Asparagus growers should prepare for third-party audits now
Because of its early harvest season, asparagus growers need to be preparing for third-party audits during the winter months.
Fresh asparagus growers who went through third-party audits last year know that there are weeks, and maybe even months, involved in preparing for your first audit. Third-party audits generally need to be performed during the harvest season of the crop being audited. As asparagus is one of the first crops harvested in Michigan, growers who are facing their first audit this spring need to begin work preparing well ahead of the growing season.
Developing a food safety policy and manual for your farm is one of the first tasks to get started on now. Most growers find this to be the most daunting part of preparing for third-party audit, but Michigan State University Extension (MSUE) can help with this task. The Agrifood Safety Workgroup website, maintained by lead MSUE food safety educator Phil Tocco, is one resource for asparagus growers preparing for an audit. A blank manual can be downloaded from the website and used as a template for building a manual specific to your farm. Growers can insert farm information in the blanks provided. Required information includes food safety policies written specifically for the audited farm and the names of persons on the operation responsible for food safety-related tasks. If growers need more help, Tocco’s Agrifood Safety Minutes are short video clips, also available on the website, that help explain the intricacies involved in building a food safety manual.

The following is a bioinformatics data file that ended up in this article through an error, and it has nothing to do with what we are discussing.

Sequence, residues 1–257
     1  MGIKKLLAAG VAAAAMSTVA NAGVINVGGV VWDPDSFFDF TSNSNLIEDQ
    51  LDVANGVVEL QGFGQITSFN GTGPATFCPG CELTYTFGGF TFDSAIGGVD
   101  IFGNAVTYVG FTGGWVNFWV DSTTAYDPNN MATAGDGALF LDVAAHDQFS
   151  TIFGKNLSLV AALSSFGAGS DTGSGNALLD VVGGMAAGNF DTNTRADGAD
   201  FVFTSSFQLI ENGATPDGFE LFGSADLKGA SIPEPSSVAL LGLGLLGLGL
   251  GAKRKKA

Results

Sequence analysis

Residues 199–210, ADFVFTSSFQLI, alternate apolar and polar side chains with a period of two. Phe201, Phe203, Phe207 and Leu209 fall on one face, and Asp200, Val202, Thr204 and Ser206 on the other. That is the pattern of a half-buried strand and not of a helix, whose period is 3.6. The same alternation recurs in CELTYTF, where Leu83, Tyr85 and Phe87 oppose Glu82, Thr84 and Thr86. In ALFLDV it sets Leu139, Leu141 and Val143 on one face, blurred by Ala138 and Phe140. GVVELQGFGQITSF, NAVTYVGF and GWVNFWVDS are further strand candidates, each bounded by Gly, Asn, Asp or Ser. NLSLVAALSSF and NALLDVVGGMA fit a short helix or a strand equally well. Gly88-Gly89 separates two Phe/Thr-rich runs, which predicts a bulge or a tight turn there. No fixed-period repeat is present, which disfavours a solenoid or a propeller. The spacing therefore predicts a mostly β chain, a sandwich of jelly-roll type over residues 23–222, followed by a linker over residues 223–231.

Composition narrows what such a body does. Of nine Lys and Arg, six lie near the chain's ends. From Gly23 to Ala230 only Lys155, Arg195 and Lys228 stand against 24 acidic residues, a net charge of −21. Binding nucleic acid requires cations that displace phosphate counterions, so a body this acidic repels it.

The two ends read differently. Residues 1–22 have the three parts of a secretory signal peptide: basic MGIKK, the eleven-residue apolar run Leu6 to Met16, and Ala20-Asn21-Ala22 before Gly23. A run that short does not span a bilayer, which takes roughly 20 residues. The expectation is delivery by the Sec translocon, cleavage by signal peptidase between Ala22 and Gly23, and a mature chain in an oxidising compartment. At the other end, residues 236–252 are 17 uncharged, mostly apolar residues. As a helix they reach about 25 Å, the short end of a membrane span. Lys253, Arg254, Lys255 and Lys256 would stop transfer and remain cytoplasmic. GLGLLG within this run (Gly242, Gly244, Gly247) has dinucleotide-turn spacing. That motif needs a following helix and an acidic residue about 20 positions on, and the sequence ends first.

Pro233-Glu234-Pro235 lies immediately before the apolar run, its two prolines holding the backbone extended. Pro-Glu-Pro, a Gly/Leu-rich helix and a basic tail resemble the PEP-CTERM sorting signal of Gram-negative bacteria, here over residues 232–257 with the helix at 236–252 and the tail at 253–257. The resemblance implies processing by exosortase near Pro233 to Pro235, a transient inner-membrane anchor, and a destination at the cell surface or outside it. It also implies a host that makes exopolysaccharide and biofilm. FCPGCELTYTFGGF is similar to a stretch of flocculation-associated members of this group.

Growers should order food safety training videos for workers prior to the audit. This allows growers the convenience of including food safety training at the same time that they handle other paperwork and trainings. This should speed up paperwork processing and minimize employee down-time. In a pinch, some county MSUE offices, including Oceana County MSUE, have a limited number of approved training DVDs that they will loan out to asparagus growers.
Growers should be shopping or contracting third-party audit compliant field sanitation units well in advance of the audit. While these units are more available than a few years ago, prices and the services provided by companies, including important things like spill clean-up, still vary and will require time to research.
Water tests are required for many water wells associated with farm use. Finding an accredited water-testing lab, taking and submitting samples can all be done months ahead of the audit. Taking care of this in the winter can free time for the grower to complete immediate tasks just prior to the audit.
Other tasks that should be done well ahead of audits include developing a traceability system for your product, cleaning and maintenance of equipment and lugs, and inspecting fields and landings for potential hazards such as wildlife and litter.
Getting through your first food safety audit shouldn’t be intimidating, but it does take preparation, forethought and time – so start early!
More information on this topic: http://gaps.msue.msu.edu/